What is Interference with Child Custody?

Anyone who has ever seen a rerun of the television show Law & Order is familiar with the term “custodial Interference”.  In the TV show, it is made to seem like a “lesser” offense. But that’s television. In real life, it is a punishable serious offence.

Interference with child custody occurs when a person takes or retains a child under 18 years of age:

  • When the person knows that the act violates a judgment or order of custody
  • When the person takes the child out of the jurisdiction while a custody suit is pending
  • When the person takes the child out of the U.S. with the intent to deprive the person with possession of the child of possession or access

It is also a violation of child custody laws if the noncustodial parent knowingly entices or persuades the child to leave the custody of his or her custodial parent or guardian.

There are some circumstances that provide an affirmative defense for those committing interference with child custody.  For instance, if the person taking or retaining the child was fleeing the commission or the attempted commission of family violence against the child or the person, or if the retention of the child was due to circumstances beyond the person’s control and every effort was made to contact the custodial parent or guardian, the court would take this into consideration.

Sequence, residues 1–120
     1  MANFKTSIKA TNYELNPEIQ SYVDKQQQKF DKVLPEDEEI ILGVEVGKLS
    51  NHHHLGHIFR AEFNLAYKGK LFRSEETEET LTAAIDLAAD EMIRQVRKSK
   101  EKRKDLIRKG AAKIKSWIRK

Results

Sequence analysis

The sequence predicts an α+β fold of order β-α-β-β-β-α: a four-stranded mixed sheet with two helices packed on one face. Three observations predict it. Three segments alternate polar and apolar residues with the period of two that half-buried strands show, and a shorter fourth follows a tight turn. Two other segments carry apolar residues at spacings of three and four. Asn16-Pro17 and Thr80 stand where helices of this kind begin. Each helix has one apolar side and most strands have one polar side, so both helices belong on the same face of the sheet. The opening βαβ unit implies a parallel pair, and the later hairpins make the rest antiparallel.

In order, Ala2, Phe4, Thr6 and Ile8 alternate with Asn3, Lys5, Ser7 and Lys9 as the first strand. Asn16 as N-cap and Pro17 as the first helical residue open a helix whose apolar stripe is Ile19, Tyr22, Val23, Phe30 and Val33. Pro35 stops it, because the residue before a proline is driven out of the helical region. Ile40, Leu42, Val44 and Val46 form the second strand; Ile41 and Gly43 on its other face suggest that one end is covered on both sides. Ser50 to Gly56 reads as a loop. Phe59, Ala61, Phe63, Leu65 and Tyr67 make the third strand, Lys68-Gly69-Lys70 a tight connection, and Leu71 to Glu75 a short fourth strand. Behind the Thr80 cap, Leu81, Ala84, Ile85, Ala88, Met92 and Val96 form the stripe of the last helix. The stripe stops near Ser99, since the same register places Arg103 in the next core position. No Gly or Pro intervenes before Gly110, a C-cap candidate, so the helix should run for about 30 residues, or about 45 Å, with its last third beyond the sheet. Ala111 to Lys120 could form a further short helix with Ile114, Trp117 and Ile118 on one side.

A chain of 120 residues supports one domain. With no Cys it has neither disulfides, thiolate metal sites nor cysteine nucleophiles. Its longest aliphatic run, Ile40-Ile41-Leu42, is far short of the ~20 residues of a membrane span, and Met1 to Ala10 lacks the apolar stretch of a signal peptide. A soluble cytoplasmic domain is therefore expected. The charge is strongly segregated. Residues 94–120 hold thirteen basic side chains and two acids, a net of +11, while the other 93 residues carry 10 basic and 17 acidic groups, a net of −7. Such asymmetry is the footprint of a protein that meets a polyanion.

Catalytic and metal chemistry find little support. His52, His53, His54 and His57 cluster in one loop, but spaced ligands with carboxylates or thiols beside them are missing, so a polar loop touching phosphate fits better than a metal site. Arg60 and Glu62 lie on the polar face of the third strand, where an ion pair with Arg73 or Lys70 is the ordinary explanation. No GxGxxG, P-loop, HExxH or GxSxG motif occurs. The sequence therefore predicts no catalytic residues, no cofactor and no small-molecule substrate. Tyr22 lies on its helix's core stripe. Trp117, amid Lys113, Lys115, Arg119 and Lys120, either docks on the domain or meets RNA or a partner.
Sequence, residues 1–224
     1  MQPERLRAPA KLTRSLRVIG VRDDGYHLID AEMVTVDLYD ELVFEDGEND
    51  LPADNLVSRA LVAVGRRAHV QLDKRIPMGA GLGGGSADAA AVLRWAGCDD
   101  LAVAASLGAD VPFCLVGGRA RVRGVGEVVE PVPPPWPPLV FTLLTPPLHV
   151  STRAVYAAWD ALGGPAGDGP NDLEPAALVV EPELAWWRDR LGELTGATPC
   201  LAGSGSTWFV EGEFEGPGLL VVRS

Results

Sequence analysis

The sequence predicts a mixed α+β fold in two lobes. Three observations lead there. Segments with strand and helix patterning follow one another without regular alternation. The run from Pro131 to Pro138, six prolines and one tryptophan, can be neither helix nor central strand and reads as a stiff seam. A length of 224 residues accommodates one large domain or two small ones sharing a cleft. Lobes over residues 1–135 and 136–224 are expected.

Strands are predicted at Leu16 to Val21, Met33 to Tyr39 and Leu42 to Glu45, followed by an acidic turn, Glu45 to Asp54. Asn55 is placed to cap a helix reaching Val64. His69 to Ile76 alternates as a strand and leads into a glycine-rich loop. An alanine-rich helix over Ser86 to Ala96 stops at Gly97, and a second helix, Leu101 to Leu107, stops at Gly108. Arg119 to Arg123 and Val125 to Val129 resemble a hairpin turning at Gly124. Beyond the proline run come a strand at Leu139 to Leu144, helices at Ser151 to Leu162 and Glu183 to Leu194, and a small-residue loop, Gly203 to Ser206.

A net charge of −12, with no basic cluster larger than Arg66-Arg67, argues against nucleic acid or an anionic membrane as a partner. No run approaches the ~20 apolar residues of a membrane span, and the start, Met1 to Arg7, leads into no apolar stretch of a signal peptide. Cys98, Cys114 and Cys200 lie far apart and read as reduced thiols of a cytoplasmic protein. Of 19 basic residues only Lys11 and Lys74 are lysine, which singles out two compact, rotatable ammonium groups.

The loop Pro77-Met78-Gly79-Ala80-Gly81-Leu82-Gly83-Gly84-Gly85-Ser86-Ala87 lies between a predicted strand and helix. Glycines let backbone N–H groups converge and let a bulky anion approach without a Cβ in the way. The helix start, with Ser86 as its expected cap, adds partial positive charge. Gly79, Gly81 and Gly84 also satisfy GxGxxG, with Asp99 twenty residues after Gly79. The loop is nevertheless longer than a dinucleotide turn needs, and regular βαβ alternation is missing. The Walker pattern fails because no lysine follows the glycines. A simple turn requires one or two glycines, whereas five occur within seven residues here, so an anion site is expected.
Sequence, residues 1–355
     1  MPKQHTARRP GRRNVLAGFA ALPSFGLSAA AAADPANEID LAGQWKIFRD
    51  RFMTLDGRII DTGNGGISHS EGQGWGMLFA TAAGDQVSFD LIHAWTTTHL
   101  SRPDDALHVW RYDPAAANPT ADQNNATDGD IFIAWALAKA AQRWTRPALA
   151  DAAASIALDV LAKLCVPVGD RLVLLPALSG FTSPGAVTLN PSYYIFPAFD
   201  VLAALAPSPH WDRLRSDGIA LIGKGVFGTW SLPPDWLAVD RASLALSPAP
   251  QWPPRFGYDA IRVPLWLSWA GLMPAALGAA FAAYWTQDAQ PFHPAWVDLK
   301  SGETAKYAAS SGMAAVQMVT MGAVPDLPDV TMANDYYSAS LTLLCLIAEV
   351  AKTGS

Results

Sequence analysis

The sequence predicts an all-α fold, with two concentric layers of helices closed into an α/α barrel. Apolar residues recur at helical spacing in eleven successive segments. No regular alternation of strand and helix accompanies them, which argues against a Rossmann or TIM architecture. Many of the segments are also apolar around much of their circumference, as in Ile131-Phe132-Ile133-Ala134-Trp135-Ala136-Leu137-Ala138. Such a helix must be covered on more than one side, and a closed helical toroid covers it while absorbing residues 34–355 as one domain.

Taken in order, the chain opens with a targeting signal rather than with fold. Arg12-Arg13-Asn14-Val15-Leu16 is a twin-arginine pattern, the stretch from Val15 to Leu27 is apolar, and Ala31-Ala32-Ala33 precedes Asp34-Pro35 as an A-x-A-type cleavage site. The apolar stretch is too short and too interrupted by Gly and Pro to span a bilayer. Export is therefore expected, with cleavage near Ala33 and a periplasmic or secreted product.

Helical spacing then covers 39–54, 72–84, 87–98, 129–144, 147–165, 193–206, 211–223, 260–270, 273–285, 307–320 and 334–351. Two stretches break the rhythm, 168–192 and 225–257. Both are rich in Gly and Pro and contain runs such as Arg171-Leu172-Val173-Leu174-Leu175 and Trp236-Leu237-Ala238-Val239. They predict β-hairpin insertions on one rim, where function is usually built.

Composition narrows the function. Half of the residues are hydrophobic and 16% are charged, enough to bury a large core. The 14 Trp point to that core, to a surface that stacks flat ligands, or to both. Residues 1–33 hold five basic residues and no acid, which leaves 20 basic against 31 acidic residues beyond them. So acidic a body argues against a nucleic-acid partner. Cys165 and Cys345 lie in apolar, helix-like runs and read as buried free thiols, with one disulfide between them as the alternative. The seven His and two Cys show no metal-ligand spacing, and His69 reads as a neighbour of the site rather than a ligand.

In issues of child custody and other matters of family law, your wisest course of action is to consult an experienced attorney for advice.

Do you need help with issues related to child custody?  Call us at (956) 428-2822 or complete our online form for a confidential and no-obligation consultation.

Allegations of Child Neglect

Battling parents in a heated divorce have been known to make allegations against the other parent of neglecting the child or children of the marriage.  Child neglect is a very serious allegation and what constitutes child neglect is quite specific in Texas law.